Remember the cassette? Maybe you do, maybe not. It’s been pretty much replaced in the consumer market by the CD and the DVD and the Blu Ray. But the fact is that for storing huge amounts of data, companies still use cassettes. Why? Because they’re old school, and old school is much more reliable. CDs will get scratched, Blu Ray’s may malfunction but you can always count on the cassette.
SONY, the pioneer of the Blu Ray has come together with IBM to create one of a kind cassette that stores a whopping 185 Terabytes. To give you some sense of that size, it would take 3,700 Blu Ray discs to store that amount of information. The cassette stores 148 gigabytes of information per square inch. The two innovators managed to design this little monster with the help of some complicated polymer engineering.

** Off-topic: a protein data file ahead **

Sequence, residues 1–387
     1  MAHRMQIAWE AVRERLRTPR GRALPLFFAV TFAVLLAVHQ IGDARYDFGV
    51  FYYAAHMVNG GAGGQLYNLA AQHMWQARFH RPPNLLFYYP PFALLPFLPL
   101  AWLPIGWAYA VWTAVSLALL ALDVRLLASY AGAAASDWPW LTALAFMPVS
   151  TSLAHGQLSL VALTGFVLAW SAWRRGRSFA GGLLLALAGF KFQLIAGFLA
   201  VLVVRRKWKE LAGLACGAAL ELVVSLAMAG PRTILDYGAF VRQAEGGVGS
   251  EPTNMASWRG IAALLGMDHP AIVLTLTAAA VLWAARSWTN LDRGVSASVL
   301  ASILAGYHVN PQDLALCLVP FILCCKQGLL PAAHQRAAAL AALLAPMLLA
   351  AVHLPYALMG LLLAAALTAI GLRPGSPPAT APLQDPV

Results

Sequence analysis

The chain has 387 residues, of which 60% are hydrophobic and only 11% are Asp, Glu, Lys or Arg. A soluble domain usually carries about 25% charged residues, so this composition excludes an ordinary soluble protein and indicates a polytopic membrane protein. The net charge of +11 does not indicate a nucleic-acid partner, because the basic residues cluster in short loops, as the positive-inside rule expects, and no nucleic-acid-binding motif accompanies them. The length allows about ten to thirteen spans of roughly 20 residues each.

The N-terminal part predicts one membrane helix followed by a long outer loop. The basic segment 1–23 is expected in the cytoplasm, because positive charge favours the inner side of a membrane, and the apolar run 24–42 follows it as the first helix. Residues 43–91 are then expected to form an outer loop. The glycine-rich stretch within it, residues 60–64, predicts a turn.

For those of you who don’t know, cassettes work by imprinting information on to a tape magnetically. The tape in this case was designed to handle tremendous amounts of data. SONY used a technique called sputter deposition to create the tape. It involves shooting argon ions at a polymer film substrate to create a layer of magnetic crystal particles. By tweaking this process to suit their needs, a particle size of 7.7 nm was achieved with a soft magnetic under layer.
This cassette has shattered the previous record of 35 terabyte cassette created by IBM 2 years ago and the 135 terabyte single tape drive also made by IBM last year. The industry is moving fast and though the commercial users won’t be affected by this advancement, the companies and giant conglomerates will be looking for such cassettes to pool and store and back up their valuable information.